If Lotta Crabtree was the most popular actress to be shaped by the stages of the West Coast, Annie Pixley was the performer whose Californian training most eloquently bespoke the West. Educated in a Catholic convent school in San Francisco, she learned to sing to a guitar accompaniment. Her gestural language on stage, while womanly, had a candor and informality that struck viewers as forthrightly frontier. This worked to her favor when she appeared in the rambunctious title role of "M'liss, the Child of the Sierras," a stage adaptation of Bret Harte's "Luck of Roaring Camp," one of the founding stage westerns. Her husband, Robert Fulford, bought rights to the play, and it became her calling card across the continent.
Her earliest stage work took place in San Francisco, and she toured Australia before venturing to make her reputation on Broadway and Philadelphia. Actor Joseph Jefferson wisely steered the aspiring actress in Gilbert and Sullivan. "H.M.S. Pinafore" would occasion her first popularity in the East. "M'liss" convinced critics that she manifested a development beyond the soubrette comedy established by Crabtree.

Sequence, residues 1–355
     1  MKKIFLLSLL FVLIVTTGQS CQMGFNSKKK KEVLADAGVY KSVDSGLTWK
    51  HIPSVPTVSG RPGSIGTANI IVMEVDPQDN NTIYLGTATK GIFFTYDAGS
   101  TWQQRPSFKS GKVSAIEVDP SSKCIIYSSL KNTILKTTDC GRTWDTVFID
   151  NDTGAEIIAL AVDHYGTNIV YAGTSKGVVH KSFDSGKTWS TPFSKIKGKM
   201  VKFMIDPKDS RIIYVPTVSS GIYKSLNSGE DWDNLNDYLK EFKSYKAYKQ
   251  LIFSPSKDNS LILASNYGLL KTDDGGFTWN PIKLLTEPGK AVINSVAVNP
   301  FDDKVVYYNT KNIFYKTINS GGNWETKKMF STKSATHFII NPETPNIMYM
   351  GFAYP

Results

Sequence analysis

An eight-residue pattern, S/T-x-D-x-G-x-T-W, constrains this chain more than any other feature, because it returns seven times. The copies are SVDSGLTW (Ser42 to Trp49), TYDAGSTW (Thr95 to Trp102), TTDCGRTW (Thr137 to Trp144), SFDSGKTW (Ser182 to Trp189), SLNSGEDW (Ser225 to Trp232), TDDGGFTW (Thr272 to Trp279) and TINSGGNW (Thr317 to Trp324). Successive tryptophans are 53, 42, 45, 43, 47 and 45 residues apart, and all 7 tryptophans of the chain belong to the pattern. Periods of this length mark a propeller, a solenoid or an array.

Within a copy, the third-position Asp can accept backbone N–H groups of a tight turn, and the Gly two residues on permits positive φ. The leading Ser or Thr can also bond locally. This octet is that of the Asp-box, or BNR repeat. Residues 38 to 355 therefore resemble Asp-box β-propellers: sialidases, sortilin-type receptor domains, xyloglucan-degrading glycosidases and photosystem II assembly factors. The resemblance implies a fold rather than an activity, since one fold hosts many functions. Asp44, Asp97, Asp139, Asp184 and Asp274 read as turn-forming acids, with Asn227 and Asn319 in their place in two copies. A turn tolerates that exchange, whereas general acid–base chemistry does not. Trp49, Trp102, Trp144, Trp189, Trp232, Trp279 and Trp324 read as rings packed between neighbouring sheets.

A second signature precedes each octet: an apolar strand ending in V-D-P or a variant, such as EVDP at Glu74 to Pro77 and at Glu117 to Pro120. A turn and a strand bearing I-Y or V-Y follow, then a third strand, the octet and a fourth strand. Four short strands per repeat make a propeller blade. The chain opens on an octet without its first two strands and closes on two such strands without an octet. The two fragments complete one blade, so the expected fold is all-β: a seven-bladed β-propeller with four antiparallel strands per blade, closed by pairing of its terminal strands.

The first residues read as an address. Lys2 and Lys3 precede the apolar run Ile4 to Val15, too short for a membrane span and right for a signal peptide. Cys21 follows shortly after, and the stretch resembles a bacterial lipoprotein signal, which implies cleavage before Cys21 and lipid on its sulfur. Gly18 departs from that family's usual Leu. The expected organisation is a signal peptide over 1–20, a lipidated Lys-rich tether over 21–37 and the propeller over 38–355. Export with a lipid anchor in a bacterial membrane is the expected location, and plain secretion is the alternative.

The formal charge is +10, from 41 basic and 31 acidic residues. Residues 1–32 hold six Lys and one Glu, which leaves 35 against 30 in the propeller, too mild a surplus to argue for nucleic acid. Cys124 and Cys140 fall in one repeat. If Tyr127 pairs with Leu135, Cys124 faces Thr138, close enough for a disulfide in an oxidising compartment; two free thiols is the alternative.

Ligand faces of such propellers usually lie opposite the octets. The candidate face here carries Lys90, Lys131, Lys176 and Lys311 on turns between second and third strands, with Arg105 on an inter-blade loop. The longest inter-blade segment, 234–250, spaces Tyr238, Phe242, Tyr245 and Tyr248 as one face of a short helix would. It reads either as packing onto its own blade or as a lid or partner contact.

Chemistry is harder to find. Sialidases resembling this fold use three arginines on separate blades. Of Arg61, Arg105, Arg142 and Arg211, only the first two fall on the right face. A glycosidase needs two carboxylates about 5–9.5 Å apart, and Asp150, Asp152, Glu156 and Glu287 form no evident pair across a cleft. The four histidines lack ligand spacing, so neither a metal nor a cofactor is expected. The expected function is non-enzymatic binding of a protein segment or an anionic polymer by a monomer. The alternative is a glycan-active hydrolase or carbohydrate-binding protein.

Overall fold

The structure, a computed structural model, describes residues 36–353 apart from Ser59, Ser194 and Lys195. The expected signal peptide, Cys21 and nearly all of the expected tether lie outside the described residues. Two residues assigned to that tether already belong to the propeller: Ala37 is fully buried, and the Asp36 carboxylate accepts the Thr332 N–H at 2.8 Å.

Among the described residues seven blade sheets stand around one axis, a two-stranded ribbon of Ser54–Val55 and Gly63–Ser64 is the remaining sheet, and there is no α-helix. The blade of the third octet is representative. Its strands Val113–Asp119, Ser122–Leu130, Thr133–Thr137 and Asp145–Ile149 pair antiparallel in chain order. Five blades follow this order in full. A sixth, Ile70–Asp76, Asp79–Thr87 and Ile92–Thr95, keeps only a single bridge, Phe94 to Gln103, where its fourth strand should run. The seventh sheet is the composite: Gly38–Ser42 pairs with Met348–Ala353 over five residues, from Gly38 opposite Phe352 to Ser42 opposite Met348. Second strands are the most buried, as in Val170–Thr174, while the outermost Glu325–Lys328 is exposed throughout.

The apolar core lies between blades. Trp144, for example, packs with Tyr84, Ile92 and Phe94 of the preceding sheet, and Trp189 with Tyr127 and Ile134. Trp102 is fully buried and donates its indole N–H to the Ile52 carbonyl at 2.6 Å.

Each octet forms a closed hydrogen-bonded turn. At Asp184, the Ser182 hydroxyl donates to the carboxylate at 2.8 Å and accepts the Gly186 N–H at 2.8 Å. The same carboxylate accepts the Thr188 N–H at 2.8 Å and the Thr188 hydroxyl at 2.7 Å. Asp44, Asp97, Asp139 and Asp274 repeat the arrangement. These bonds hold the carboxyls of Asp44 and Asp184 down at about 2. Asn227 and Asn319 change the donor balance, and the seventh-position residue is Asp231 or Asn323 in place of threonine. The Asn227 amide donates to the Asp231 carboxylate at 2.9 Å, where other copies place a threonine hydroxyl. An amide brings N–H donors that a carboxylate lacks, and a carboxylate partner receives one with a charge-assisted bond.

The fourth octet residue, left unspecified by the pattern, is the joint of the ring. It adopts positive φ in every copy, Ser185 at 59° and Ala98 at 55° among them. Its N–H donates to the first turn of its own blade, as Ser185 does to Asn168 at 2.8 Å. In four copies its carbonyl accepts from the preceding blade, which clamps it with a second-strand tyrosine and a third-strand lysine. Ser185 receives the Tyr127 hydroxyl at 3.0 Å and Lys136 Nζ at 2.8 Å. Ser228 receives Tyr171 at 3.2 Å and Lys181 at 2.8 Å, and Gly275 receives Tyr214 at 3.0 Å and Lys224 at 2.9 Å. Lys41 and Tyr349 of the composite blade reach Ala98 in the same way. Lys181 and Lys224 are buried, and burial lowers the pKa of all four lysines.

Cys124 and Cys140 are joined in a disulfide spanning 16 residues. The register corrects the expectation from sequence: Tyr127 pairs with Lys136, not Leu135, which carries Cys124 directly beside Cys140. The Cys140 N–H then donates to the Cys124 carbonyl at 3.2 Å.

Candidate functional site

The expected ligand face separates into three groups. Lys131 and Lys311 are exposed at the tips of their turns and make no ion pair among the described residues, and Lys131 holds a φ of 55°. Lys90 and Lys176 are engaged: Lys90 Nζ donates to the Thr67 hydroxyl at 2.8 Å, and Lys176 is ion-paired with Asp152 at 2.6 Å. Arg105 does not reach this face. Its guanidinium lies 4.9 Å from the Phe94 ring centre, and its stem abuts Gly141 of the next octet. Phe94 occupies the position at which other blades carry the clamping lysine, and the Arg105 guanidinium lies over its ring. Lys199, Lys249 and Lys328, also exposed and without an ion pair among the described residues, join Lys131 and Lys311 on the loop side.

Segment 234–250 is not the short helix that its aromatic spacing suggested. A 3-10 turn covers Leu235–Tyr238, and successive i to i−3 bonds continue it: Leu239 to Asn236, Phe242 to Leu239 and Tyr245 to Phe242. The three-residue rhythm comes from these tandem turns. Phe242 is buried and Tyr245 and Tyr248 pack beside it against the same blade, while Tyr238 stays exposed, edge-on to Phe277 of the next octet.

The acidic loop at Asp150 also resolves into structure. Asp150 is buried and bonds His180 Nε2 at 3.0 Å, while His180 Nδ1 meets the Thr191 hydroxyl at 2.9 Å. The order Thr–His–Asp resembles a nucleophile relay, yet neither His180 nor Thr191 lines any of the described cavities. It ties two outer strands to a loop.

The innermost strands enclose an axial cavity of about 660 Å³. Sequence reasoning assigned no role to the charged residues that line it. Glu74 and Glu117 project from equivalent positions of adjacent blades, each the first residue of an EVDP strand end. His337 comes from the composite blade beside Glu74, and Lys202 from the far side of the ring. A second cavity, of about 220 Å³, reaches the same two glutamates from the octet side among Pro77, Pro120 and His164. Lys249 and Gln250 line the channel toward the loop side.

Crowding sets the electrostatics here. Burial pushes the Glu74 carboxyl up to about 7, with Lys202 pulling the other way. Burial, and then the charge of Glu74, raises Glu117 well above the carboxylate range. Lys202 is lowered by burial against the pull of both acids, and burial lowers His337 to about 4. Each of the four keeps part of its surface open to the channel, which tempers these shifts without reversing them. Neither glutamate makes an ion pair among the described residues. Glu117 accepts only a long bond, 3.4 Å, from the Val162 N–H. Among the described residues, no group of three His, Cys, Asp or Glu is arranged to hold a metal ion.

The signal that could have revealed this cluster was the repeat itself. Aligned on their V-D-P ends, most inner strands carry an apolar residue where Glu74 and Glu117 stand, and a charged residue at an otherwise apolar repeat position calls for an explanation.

While effervescent on stage, the death of her twelve-year-old and only son, made her home a sober place, with a statue of the boy, and an alcove of his clothing and toys serving as a memorial. She died of "brain fever" in London during an 1893 visit to her brother-in-law.
NOTES: "Death of Anne Pixley," New York Herald (Nov 10, 1893), 9. David S. Shields/ALS